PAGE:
Dangerous doctrine | Inquirer Opinion

Dangerous doctrine

/ 05:07 AM February 26, 2019

For the second year running, and while the midterm elections are about to be held, Mindanao will continue to be under military rule after the Supreme Court voted 9-4 to uphold the third extension of martial law until the end of 2019.

In greenlighting the extension, the highest court of the land has shown how little it regards its power under the Constitution to “review… the sufficiency of the factual basis of the proclamation of martial law or the suspension of the privilege of the writ of habeas corpus.”


A full week since the announcement of the ruling on Feb. 19, the text of the decision has yet to be released. But Chief Justice Lucas Bersamin provided a glimpse of the majority thinking in the tribunal when he declared in a public function that government reports on violence in Mindanao, as basis for the new extension, need not be accurate.

You heard that right: “Whether that information is true or not is irrelevant… accuracy is not the question here,” said Bersamin. “The question is, what is the information that the President acted upon… When you note some inconsistencies or weaknesses, that is not sufficient to undo the determination of the President.”


The inaccuracies Bersamin couldn’t be troubled with were unearthed by Associate Justice Alfredo Benjamin Caguioa, who diligently dug into the military reports Malacañang had submitted. During the oral arguments on four petitions challenging the martial law extension, Caguioa questioned the many inconsistencies in the records, such as several violent incidents with no perpetrators but which were later attributed to the Abu Sayyaf; other incidents attributed to both communist rebels and the Abu Sayyaf; and at least three instances when Abu Sayyaf members killed each other. “How does that support the contention that rebellion persists?” Caguioa asked.

The petitioners, led by former election commissioner Christian Monsod and Albay Rep. Edcel Lagman, pointed out that there was no actual rebellion happening in Mindanao, contrary to government assertions. The situation has in fact improved, said Monsod, after the Marawi siege ended in October 2017, and barangay and Sangguniang Kabataan elections were even held in May 2018.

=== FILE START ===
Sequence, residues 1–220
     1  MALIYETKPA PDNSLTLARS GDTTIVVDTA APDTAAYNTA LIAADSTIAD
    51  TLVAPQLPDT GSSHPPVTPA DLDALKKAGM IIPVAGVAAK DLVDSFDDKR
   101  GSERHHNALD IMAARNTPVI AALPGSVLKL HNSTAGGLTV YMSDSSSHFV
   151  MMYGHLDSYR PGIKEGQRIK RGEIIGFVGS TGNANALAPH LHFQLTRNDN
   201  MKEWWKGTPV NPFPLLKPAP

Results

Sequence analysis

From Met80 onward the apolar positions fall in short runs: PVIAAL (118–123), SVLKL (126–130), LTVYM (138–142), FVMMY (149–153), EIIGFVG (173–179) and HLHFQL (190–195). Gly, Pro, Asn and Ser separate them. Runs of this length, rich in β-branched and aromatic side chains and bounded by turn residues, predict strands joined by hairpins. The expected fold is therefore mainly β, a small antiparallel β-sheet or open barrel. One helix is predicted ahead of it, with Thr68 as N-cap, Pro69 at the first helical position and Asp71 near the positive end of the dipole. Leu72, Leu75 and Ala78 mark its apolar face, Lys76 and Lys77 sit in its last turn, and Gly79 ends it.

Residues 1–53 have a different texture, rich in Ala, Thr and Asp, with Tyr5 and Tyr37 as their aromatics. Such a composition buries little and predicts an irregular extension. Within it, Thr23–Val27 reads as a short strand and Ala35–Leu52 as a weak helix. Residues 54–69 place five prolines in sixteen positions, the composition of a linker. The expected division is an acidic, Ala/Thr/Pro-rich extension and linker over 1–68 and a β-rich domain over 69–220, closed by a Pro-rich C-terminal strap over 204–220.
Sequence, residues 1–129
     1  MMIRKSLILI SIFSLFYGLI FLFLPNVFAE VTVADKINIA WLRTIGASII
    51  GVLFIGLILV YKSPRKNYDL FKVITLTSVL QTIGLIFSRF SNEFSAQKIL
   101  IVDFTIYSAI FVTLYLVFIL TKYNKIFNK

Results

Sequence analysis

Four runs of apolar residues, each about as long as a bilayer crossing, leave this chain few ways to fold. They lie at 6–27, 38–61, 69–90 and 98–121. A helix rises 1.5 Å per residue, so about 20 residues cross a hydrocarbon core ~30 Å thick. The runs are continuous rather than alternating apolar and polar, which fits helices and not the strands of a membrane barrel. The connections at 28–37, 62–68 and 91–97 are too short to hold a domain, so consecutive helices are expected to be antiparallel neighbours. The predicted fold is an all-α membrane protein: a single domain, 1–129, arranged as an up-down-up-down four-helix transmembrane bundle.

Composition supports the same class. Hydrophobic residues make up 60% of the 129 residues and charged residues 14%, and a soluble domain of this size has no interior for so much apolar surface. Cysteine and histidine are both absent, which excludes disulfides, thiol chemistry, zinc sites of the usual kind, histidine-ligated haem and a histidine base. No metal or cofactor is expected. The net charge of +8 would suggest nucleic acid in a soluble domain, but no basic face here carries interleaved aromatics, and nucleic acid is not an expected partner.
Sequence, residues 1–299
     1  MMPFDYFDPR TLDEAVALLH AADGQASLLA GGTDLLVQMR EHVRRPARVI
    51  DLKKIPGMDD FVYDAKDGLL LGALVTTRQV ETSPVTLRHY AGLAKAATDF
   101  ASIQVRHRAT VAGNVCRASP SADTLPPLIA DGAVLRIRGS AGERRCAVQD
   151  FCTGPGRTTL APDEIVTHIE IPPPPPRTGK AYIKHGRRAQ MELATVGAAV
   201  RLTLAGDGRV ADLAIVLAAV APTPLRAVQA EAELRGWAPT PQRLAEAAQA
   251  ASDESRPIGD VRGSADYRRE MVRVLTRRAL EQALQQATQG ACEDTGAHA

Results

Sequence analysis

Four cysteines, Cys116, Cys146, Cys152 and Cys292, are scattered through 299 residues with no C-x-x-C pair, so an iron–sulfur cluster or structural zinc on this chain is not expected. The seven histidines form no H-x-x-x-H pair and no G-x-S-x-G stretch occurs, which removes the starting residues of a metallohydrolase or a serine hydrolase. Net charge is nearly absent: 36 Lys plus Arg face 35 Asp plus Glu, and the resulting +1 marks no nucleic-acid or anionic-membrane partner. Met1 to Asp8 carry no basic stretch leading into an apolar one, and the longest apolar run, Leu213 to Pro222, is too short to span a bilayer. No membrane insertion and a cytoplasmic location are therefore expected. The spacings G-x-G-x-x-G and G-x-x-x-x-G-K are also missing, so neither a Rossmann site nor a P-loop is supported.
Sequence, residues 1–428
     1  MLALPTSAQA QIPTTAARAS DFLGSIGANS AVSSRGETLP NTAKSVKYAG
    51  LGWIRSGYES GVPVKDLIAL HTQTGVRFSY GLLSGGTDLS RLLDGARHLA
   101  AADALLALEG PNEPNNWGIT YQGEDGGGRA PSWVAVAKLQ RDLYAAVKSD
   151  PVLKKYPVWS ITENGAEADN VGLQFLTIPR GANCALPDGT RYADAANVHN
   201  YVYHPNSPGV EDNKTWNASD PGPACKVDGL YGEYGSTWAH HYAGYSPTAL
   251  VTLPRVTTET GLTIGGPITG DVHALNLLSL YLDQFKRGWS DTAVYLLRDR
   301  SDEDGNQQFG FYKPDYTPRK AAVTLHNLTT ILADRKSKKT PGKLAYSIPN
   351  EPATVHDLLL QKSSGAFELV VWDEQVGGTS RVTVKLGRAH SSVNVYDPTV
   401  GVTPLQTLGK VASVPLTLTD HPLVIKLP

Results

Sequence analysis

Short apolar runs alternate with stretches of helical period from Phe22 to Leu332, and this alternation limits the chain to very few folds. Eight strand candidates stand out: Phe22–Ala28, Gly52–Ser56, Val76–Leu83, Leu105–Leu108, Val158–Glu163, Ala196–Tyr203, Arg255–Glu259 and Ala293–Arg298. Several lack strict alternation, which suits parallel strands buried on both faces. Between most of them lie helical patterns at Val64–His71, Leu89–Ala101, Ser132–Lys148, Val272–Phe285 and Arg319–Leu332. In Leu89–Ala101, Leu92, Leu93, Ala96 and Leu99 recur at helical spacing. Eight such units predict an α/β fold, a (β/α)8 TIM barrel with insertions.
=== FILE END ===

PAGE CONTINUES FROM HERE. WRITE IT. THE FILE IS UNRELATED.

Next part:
Former Senate president Aquilino Pimentel Jr., a Mindanaoan and ally of the President, also called for the lifting of martial law in parts of Mindanao, such as Cagayan de Oro, Davao and the Caraga region. How can investors come, Pimentel said, when there is supposed to be chaos in all of the island?

In Bersamin’s view, however, Malacañang’s reports can be lies for all they’re worth—but all that matters is whether the President believed them, and acted on that basis. In which case, the chief executive’s action is then rendered essentially above scrutiny, reproach or review.

Wait a minute: Isn’t that stance basically an abandonment of the constitutional duty of the Court precisely to look into “the sufficiency of the factual basis of the proclamation of martial law…” — in other words, to check whether the rationale the administration cited was true or not?

And how could the Court ascertain such factual basis if the supporting evidence presented before it is inaccurate — but it then refuses to call into question that inaccuracy?

If the Court shirks its duty to look at the facts independently and just take the President’s word for them, isn’t that giving the President unprecedented leeway to lie his way through governance, while the Supreme Court stands aside and gives him the thumbs-up? (A historical example: Juan Ponce Enrile’s fake ambush, stage-managed by Marcos to highlight supposed lawlessness and justify his power grab via martial law.)


Checking the chief executive’s hand is precisely the duty of the other branches of government. But the Court’s blithe imprimatur on baseless martial law extensions risks an “undue expansion and possible abuse of the vital presidential power,” warned Monsod, one of the very framers of the 1987 Constitution. “It sets a dangerous precedent of normalizing an emergency power that is only brought about by the law of absolute necessity.”

Bersamin’s disturbing doctrine of uncritical deference to the so-called wisdom of the President amounts to dangerously normalizing not only perpetual martial law, but also the notion of strongman rule.

Mr. Duterte could resort to the same Marcosian reign of abuse and duplicity, but, as things stand, the court of last resort has decided it will not inconvenience him in any way with questions about truth and fact.

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TAGS: Christian Monsod, Edcel Lagman, Inquirer editorial, Lucas Bersamin, Mindanao martial law, Rodrigo Duterte, Supreme Court
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